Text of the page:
So I want to have my own fashion line, and hopefully in the future it grows into this big fashion house that provides more clothing options for women, as well as job opportunities. My goal is to provide jobs to women in underdeveloped countries so they have the chance to make money for their family. I feel like it’s one thing to go on a mission trip and donate money — because right when you leave the money runs out and you’re back to square one. Instead, I want to give them job opportunities so they have a way to forever sustain themselves.
Worst fashion trend?
Dirty sneakers. I don’t even like sneakers, so the whole thing that you keep your sneakers dirty to be fashionable, I’m not a big fan of. Also, now we have a lot of brands that just put their brand on everything, and I don’t like that. I’ll see a bag and the whole bag will say the brand’s name, you don’t even have a chance to see the structure or anything of the bag – the whole point is the brand’s name. I feel like it’s about the actual product, and these brands just think “I’m gonna staple my brand on this” whatever it is, and just call it fashion. I don’t like that.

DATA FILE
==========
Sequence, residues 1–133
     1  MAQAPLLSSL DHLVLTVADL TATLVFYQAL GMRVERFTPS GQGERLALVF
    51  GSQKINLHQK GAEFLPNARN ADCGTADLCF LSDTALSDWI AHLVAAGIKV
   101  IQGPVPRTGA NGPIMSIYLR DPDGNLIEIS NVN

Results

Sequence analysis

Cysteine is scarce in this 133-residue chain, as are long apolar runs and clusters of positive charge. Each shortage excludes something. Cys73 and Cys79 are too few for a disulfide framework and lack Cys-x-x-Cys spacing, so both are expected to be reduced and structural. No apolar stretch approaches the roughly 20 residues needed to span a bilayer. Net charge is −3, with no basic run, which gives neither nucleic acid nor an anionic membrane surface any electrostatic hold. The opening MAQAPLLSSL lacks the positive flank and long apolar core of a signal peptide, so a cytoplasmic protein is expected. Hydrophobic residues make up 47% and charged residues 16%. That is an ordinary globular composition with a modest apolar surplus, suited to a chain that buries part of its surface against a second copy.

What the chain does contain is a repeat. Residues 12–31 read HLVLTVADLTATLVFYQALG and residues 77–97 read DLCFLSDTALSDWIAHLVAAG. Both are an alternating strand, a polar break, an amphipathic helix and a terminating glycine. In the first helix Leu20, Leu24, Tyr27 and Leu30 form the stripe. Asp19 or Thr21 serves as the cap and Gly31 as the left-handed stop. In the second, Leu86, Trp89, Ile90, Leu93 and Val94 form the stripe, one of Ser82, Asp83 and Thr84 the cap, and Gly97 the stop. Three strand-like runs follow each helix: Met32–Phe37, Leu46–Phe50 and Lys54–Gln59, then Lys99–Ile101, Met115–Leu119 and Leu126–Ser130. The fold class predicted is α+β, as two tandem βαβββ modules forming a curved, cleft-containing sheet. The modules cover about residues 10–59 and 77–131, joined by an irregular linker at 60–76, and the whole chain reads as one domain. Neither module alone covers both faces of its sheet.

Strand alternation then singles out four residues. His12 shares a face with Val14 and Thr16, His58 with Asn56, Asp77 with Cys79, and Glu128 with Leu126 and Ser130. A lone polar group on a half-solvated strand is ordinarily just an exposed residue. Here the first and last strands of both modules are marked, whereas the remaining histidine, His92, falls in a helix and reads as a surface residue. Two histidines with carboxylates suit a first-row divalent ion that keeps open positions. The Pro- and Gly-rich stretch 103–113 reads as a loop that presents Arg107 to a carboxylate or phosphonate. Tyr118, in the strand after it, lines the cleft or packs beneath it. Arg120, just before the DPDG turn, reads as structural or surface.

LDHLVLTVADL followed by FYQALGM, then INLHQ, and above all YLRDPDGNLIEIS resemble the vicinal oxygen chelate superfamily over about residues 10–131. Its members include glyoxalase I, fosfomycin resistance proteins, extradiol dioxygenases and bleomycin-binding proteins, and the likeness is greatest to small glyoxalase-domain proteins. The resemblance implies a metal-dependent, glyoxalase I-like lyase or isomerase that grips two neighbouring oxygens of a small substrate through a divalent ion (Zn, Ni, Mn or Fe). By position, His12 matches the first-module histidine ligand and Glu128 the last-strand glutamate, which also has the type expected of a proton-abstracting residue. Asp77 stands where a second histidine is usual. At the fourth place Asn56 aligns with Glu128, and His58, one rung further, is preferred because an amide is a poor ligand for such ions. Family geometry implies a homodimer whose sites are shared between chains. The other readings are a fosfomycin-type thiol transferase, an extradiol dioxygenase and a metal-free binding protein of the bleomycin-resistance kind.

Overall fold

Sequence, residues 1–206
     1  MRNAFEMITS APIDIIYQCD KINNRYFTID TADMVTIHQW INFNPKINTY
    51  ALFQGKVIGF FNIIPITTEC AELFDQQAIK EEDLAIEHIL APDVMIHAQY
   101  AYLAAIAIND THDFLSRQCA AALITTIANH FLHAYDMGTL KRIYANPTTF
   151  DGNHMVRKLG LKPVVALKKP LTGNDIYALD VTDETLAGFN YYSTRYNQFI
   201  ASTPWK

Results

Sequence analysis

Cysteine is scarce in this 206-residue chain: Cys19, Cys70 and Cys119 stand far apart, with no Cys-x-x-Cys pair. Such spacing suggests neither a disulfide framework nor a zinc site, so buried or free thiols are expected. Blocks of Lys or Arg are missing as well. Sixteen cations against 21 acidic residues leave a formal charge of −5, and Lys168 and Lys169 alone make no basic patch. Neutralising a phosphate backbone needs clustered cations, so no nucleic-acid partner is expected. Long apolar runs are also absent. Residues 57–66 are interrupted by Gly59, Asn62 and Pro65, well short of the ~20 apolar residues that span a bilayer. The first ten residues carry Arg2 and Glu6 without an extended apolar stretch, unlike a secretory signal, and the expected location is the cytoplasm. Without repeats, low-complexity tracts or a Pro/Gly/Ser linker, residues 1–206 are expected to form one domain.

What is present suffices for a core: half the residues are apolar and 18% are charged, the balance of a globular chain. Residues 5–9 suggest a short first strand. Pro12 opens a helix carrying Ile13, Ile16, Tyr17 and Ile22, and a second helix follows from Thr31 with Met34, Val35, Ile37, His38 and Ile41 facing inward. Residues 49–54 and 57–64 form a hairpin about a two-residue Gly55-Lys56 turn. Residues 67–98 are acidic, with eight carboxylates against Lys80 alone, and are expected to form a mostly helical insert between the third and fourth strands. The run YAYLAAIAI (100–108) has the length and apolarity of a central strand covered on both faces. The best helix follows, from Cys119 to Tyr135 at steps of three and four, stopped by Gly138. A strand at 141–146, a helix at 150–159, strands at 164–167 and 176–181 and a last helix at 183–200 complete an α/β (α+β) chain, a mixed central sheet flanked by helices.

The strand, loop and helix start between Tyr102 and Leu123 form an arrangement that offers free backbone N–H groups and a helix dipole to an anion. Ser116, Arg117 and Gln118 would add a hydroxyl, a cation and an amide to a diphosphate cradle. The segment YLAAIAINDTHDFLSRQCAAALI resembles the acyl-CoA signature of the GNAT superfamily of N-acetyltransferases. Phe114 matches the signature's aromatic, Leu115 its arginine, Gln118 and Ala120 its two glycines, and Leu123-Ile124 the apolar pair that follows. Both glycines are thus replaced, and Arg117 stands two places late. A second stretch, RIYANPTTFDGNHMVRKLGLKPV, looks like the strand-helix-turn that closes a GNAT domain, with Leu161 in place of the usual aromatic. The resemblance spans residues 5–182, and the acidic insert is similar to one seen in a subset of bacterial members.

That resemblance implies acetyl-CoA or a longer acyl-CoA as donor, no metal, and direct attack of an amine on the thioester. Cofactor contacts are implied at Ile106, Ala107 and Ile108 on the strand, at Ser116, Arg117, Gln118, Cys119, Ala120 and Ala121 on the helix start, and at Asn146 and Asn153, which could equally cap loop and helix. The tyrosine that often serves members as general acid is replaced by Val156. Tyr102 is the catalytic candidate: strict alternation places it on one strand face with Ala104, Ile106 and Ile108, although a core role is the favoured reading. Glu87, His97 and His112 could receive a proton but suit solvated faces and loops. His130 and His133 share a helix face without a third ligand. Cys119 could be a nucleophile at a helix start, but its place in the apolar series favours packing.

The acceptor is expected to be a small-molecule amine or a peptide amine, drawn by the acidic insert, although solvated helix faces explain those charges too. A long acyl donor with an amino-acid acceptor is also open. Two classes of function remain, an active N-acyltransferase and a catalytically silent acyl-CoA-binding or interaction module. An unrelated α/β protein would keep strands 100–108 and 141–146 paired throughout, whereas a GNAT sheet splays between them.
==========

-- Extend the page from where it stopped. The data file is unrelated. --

Best fashion trend?
A-line skirts, maxi dresses, and high waisted palazzo pants!
Last but certainly not least, name your favorite fashion icon.
My mom! She was a makeup artist always looks fabulous. When you go into my mom’s closet, all you see is custom-made clothes. She wears color in a way that’s flattering. I’m not a big fan of crazy greens and oranges and all that, but the way that she wears it, oh my god, so pretty!
Keep up with Nadia on Instagram!